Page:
Canadian C-Spine Rule (modified for clarity)

Tiny Tip | Canadian C-spine Rule Mnemonic

In Tiny Tips by Teresa Chan4 Comments

Clinical Decision Tool uptake

In 2007, Dr. Ian Stiell wrote a paper [1] about the uptake and real-life implementation of his four clinical decision rules (or as we prefer to call them, clinical decision tools).  The paper concludes that “Future research should identify implementation barriers and explore strategies to achieve better knowledge uptake in the ED”.

The BoringEM team hypothesizes that the ease of use may be greatly affected by the complexity of a rule itself – i.e. if the tool itself is complex and unwieldy, it may not be readily taken up.  For many people, this has lead to barriers for adoption of the Canadian C-Spine Rules.  Especially when compared to the simpler NEXUS spine rule, this CDR often has been noted by various people to be difficult to actually navigate.  Even though, NEXUS has been shown to be less sensitive than the CCR.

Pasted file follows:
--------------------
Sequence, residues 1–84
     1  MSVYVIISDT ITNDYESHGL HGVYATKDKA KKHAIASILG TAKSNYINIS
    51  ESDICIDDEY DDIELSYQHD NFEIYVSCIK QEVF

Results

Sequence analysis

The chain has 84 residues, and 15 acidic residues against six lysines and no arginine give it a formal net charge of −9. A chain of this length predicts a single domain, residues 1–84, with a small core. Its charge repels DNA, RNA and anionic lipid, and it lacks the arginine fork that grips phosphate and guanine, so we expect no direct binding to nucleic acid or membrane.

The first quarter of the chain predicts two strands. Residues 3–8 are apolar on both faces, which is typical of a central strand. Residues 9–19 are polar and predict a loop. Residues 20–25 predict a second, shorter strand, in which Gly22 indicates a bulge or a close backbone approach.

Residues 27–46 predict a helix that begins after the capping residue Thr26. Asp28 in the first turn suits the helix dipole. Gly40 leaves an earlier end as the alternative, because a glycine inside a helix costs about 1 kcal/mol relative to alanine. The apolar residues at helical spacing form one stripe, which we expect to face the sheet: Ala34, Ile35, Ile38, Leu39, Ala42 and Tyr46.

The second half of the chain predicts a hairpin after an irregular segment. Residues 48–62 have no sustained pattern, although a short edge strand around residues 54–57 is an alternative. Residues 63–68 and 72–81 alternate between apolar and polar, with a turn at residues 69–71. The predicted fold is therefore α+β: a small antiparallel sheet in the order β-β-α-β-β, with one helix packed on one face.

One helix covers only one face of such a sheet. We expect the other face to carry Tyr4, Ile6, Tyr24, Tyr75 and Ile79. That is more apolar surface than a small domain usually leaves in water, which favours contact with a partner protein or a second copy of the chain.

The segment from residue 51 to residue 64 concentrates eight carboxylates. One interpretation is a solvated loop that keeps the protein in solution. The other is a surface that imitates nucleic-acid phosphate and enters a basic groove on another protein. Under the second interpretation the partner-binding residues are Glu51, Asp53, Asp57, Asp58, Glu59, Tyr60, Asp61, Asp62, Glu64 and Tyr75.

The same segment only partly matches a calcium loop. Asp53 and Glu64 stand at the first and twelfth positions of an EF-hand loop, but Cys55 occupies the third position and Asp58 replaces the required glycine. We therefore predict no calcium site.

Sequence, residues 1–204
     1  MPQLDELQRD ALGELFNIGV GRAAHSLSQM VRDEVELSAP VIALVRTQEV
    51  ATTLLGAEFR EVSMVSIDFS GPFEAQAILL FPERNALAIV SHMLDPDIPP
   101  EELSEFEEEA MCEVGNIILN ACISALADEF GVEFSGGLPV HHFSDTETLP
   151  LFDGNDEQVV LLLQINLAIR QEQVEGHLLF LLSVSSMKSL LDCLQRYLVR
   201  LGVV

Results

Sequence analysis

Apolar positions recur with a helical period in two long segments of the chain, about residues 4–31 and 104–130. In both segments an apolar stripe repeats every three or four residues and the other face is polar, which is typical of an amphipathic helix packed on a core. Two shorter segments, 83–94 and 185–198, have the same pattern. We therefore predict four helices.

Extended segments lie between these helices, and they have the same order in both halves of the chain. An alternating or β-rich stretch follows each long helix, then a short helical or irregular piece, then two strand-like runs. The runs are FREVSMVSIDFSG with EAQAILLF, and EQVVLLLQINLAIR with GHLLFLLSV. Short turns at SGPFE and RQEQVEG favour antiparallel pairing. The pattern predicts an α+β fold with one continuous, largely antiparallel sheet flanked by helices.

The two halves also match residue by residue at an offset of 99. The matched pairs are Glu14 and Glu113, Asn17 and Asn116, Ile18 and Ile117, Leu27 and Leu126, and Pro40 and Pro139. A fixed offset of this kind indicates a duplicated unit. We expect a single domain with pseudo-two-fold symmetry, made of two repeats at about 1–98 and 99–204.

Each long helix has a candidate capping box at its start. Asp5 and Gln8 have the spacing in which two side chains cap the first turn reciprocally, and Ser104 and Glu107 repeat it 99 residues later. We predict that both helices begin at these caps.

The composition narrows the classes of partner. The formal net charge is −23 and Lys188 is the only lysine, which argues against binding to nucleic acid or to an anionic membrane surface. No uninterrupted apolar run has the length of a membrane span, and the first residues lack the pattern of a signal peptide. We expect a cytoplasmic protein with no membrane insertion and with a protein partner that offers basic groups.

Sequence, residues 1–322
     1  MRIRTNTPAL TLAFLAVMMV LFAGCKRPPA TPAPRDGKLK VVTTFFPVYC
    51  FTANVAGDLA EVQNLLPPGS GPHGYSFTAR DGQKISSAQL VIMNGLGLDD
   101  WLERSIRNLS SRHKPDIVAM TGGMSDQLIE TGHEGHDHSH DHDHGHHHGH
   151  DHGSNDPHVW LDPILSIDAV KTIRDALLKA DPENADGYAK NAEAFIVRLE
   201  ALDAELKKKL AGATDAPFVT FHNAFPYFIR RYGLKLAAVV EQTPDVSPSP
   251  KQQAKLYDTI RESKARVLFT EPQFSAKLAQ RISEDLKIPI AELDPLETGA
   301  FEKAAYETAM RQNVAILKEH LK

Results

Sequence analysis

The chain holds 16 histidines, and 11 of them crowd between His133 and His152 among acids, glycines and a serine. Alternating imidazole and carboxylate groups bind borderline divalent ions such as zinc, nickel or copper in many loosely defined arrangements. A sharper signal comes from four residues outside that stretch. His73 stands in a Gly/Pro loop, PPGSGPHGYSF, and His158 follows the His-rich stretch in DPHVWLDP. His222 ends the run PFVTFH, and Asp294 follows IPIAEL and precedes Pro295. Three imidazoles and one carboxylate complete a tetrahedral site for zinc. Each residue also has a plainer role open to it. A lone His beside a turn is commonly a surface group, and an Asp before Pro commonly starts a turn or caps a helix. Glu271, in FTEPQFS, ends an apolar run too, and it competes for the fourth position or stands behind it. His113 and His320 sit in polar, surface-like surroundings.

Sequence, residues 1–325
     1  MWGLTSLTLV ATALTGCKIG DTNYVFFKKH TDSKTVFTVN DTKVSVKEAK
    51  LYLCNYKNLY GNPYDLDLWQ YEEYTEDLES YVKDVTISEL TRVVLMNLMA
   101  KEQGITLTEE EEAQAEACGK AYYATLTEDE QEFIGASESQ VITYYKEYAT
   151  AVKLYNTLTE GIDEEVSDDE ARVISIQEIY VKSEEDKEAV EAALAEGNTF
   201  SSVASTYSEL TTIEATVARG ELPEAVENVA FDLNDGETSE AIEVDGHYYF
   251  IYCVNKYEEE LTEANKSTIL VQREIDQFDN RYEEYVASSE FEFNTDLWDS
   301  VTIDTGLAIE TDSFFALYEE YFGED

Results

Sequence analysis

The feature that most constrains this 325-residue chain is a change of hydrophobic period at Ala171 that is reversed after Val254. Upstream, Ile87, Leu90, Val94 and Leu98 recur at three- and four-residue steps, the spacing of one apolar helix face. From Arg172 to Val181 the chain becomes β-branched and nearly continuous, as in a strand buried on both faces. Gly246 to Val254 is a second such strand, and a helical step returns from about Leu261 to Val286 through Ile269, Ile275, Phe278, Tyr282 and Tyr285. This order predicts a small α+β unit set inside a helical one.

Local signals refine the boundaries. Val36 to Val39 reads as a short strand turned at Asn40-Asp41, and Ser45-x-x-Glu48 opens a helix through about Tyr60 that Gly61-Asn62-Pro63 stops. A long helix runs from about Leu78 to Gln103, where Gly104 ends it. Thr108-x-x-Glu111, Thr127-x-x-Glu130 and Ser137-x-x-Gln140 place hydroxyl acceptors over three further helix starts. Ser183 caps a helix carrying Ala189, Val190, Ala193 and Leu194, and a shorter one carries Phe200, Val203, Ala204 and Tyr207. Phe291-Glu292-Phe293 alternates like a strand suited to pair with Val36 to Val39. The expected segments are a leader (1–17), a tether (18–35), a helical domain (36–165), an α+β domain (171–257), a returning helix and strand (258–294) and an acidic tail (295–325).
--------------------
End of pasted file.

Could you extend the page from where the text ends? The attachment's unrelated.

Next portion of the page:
A new mnemonic

To alleviate this, we have previously presented a diagram to help with this, but recently a group of McMaster University medical students came up with a nifty new mnemonic to help remember each of the parts of C-spine rule.  With some editorial support by myself, we’ve added it to the diagram from our previous post for clarity.

Canadian C-spine rule mnemonic

By: Sean Robinson, Yuetming Lam, Steffen de Kok

Sixty Five, Fast Drive, Sense Deprive?  Image, if alive.
Slow Wreck, Slow Neck, Sitting down, Walking ’round, C-Spine fine?  Range the spine!
And ultimately….
If you can look both ways, you can cross the road —-> Without Imaging
CCR Mnemonic

Stiell, I. G., & Bennett, C. (2007). Implementation of clinical decision rules in the emergency department. Academic Emergency Medicine, 14(11), 955-959.

Teresa Chan

Senior Editor at CanadiEM
Emergency Physician. Medical Educator. #FOAMed Supporter, Producer and Researcher. Chief Strategy Officer of CanadiEM. Associate Professor, Division of Emergency Medicine, Department of Medicine, McMaster University.
BoringEM has been 'bringing the boring' to emergency medicine since 2012. In 2016 this Canadian blog brought its content to CanadiEM.